Taking our “Here’s Why” from the paper to the blog. An explanation for why something is the way it is in the Air Force/military.
As the 460th Space Wing at Buckley Air Force Base, Colo., said farewell to Col. Dan Dant and welcomed Col. Daniel Wright III as the new commander, the military tradition of “pass in review” was upheld during the ceremony.
What is this and where does it come from?
Senior Airman Marcy Glass writes that the tradition of “pass in review” has roots that date back to Alexander the Great. He would walk the lines inspecting his troops before going into battle.
Clearly, it didn’t just stop there. Glass says:
“The traditional ceremony of ‘pass in review’ evolved at Valley Forge, Pa., during the Revolutionary War. Baron Friedrich Von Steuben volunteered his services to the Continental Congress and was assigned to serve under Gen. George Washington at Valley Forge. Washington appointed Steuben as the inspector general, and he oversaw the training and discipline of the Continental Army.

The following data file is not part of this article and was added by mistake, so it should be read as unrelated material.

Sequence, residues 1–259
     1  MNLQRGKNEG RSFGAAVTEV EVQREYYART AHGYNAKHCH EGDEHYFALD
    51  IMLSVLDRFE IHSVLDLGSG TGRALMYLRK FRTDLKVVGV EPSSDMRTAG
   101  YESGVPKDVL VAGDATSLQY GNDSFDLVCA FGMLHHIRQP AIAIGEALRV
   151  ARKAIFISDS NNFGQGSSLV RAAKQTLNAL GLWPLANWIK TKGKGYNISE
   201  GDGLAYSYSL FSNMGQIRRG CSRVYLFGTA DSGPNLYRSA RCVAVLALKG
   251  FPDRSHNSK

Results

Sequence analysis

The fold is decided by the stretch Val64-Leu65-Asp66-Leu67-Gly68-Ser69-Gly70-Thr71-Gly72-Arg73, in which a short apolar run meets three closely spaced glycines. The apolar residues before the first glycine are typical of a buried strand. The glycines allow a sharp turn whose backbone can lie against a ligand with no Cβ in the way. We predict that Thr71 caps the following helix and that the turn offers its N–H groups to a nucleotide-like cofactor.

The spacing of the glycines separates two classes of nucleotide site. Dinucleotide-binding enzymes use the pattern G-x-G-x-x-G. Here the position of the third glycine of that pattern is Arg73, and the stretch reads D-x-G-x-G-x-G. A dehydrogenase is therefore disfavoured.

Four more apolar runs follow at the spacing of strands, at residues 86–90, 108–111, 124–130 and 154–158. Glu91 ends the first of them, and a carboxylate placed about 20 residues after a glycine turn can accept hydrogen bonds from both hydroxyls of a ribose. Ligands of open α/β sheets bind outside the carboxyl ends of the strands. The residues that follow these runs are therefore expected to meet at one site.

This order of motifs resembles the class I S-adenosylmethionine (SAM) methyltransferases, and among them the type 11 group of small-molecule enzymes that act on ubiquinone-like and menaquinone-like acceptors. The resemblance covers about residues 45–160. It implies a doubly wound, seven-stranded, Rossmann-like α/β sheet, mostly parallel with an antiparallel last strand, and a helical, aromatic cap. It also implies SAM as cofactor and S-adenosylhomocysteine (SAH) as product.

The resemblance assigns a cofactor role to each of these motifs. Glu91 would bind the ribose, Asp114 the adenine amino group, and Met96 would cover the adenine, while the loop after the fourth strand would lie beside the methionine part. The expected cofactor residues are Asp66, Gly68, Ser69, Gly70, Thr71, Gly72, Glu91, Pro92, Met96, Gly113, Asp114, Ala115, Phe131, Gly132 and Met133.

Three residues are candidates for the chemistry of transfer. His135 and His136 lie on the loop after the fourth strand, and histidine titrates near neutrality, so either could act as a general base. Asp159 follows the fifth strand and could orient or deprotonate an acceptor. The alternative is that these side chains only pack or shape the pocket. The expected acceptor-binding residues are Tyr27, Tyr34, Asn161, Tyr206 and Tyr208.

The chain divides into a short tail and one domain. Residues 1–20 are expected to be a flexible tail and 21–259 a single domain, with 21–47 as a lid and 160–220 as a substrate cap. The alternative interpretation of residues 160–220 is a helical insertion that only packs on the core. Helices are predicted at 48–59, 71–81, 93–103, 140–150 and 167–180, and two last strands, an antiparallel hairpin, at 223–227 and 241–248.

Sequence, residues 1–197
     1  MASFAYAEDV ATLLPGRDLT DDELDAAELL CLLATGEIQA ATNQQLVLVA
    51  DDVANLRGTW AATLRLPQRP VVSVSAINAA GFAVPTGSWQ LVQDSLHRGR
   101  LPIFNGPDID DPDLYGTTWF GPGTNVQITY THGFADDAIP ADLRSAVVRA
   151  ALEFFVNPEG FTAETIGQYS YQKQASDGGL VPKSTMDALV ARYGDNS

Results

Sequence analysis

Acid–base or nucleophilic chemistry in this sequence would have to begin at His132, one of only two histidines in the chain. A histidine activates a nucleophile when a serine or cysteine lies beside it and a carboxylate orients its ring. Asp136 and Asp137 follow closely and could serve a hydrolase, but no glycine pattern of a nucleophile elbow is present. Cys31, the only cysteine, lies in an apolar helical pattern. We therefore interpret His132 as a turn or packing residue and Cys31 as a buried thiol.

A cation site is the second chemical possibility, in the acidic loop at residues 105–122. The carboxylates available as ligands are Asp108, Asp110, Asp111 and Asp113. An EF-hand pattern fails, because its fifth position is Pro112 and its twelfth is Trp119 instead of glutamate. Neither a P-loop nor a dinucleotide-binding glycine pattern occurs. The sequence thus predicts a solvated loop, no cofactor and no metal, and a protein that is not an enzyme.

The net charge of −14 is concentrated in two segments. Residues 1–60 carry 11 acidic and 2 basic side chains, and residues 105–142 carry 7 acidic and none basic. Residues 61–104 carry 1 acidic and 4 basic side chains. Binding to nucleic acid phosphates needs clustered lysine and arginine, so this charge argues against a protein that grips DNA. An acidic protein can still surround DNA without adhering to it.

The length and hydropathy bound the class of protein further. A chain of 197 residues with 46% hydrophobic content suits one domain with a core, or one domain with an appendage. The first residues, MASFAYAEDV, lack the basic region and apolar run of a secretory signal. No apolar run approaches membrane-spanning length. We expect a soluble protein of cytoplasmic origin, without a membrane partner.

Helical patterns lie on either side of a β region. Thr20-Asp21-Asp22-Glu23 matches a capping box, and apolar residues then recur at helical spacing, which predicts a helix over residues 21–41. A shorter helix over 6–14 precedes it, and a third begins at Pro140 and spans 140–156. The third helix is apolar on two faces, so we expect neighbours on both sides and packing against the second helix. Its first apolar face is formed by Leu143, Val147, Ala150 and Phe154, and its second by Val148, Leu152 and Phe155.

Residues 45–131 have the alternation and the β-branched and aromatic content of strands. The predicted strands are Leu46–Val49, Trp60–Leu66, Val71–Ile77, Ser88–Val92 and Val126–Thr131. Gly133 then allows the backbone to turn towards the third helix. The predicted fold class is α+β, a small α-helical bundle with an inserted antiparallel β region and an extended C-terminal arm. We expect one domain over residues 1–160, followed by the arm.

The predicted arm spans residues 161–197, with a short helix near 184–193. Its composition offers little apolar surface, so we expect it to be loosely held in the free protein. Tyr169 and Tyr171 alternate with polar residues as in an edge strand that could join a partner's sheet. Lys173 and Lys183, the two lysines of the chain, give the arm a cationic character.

“With 100 men selected as a test group, Steuben instructed and trained the men in drill, maneuver and a simplified manual of arms. All training was done in full military dress uniform. He introduced a system of progressive training including the school of the soldier, with and without arms, and the school of the regiment. These schools taught the basics of soldiering such as marching, drill, firing and bayonet procedures, discipline, and charges of each rank.
“After Steuben’s remodeling of the test group was completed, the 100 men went to each brigade teaching other soldiers. Eventually this training spread like wildfire, and the results of the new Continental Army’s training showed at Barren Hill, Pa.
“Over the next 236 years, the traditions created by Steuben have been practiced by all the military branches and has become more ceremonial.
“Not commonly practiced in the Air Force, ‘pass in reviews’ offer a display of discipline, camaraderie and a sense of pride of Air Force heritage.”